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Gazprom Retains Title as Largest Gas Supplier in Europe, Aims for Asia-Pacific Growth
December 3, 2017
Russian natural gas provider Gazprom had an excellent 2017, with over 170 billion cubic meters of gas delivered to consumers as of November 22. That puts it on track to beat its 2016 total production, as the company remains the largest gas supplier in Europe and makes its move to drive sales upwards in the Asia-Pacific region.
A recent Gazprom project, the pan-European infrastructure Nord Stream gas pipeline, is visible here at its Greifswald delivery point.
In a recent review of the business by the Gazprom Management Committee, it was emphasized that 2017 marked an especially successful period in the context of Gazprom’s presence in the global energy market. Last year, the Company exported a record 179.3 billion cubic meters of gas to Europe. The upward trend for Russian gas is still strong in 2017: as of November 22, Gazprom delivered 170 billion cubic meters of gas to consumers, exceeding the amount exported in the same period of 2016 by 13.3 billion cubic meters.
Meanwhile, Gazprom continues to create new cost-efficient routes for gas exports to Europe. One of the year’s major developments was the start of construction of the TurkStream gas pipeline, with a total of over 520 kilometers of pipes laid along the two strings by now. Works are already underway in Turkey’s economic zone. TurkStream will contribute to the diversification of gas export routes and to Europe’s energy security.
2017 also marked a recovery in China’s gas consumption, which grew by 18 per cent in the first three quarters of the year thanks in large part to the rise in gas-fired power generation and the environmental benefits of natural gas over coal. Another of this year’s important developments in this connection was the signing of the supplementary agreement between Gazprom and CNPC for Russian gas to be supplied to China via the Power of Siberia pipeline starting from December 20, 2019.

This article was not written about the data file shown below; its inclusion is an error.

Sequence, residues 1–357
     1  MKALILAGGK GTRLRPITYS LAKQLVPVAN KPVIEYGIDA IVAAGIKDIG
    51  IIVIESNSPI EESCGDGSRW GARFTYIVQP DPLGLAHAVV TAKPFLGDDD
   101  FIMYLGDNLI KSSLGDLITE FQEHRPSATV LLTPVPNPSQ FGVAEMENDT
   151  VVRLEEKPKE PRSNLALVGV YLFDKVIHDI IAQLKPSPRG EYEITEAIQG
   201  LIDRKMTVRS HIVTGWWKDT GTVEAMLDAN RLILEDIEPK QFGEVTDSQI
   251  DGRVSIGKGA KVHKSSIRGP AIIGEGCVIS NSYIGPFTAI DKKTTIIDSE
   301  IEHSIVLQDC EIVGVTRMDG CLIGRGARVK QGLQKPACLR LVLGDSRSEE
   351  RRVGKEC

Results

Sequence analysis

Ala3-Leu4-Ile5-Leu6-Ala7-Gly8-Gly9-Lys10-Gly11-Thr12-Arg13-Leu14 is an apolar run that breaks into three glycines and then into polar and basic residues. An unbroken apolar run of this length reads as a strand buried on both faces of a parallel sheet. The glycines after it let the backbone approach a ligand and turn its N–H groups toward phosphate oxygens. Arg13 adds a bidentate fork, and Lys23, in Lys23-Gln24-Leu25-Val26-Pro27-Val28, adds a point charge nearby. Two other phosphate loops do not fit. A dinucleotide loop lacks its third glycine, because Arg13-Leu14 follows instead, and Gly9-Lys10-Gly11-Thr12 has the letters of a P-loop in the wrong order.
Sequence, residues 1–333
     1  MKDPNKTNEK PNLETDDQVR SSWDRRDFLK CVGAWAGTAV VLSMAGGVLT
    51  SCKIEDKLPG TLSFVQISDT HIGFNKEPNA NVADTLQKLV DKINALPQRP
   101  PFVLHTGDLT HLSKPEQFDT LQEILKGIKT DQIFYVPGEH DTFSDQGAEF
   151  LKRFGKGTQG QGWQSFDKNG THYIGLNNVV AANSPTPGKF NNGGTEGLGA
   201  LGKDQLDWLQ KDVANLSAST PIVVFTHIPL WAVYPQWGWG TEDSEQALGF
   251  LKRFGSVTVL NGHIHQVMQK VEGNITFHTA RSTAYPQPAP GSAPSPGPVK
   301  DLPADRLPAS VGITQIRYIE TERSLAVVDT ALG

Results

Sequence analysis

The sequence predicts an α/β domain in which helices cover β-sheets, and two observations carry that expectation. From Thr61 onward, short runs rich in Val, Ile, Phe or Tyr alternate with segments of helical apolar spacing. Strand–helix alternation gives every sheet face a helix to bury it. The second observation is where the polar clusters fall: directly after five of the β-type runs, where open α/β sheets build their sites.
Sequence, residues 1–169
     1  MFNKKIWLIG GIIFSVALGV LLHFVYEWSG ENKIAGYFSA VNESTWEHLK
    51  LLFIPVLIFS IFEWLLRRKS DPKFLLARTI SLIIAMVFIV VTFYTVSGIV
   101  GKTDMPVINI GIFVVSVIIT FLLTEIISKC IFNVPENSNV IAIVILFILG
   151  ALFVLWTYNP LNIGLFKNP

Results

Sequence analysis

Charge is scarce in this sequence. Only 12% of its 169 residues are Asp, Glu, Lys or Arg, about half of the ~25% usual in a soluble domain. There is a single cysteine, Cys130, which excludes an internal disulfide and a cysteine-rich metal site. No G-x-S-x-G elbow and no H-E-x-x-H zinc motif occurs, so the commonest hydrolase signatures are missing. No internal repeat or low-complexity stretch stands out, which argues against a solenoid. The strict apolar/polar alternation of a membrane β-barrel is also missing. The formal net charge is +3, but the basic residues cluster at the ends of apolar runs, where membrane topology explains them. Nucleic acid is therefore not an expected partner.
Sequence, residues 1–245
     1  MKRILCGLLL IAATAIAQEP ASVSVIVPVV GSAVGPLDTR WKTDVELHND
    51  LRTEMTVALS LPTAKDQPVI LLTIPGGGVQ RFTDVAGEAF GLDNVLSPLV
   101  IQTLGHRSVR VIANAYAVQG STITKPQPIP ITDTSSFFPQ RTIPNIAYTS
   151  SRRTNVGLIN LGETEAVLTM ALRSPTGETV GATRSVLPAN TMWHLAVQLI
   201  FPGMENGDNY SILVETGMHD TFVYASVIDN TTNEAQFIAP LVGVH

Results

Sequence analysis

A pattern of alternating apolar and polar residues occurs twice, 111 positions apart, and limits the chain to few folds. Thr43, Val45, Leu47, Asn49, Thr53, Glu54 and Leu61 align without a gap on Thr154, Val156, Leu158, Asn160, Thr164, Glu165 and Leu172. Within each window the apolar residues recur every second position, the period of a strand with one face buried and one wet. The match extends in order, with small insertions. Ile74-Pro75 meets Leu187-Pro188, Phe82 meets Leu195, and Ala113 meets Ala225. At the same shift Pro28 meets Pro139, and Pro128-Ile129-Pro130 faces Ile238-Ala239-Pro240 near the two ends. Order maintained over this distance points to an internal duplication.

Attention was also paid at the meeting to renewable energy sources. It was pointed out that bad weather in the winter months of 2016–2017 had disrupted the operations of wind and solar power plants in Germany. In order to prevent power losses and offset the risk of blackouts, it was required to use the full capacity of all gas and coal power plants in the country, including those decommissioned or slated for decommissioning. Moreover, electricity had to be imported from the neighboring countries to fully meet the consumer demand. That situation clearly demonstrated the technological downsides of excessively rapid integration of renewables into Germany’s energy supply system.
The main trends in the LNG market persisted in 2017, with investment activity dwindling and North American LNG flowing to Latin America and Asia-Pacific. In ten months, only one investment decision was made with regard to building an LNG plant.
It was stressed at the meeting that 2017 had not affected the long-term outlook for the global energy market in any major way. Gazprom is expected to remain the largest and most reliable gas supplier in Europe amid the decline in the region’s indigenous gas production. The Company is bound to strengthen its foothold in the promising market of Asia-Pacific as well.